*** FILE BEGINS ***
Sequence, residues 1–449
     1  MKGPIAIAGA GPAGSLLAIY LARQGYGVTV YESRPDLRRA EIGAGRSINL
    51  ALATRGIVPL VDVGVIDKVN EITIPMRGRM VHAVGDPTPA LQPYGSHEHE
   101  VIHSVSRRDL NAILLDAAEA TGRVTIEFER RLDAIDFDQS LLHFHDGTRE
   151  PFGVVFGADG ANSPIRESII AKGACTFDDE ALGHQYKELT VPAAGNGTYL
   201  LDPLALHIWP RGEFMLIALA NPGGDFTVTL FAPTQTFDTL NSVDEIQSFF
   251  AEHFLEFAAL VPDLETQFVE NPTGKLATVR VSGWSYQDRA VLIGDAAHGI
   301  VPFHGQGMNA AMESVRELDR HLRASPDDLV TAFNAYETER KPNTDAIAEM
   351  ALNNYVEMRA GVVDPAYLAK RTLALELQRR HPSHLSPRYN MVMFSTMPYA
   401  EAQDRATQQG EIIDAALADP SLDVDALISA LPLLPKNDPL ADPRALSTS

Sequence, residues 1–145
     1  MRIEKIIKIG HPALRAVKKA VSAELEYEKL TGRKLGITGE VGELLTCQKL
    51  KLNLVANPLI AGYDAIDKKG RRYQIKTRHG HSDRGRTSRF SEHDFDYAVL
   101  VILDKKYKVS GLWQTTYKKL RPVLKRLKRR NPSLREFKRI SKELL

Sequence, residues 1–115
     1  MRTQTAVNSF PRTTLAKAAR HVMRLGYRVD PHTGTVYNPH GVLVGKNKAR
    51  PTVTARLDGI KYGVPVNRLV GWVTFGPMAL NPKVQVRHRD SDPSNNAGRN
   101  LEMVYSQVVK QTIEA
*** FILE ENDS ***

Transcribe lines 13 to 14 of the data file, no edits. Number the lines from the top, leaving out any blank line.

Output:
    51  KLNLVANPLI AGYDAIDKKG RRYQIKTRHG HSDRGRTSRF SEHDFDYAVL
   101  VILDKKYKVS GLWQTTYKKL RPVLKRLKRR NPSLREFKRI SKELL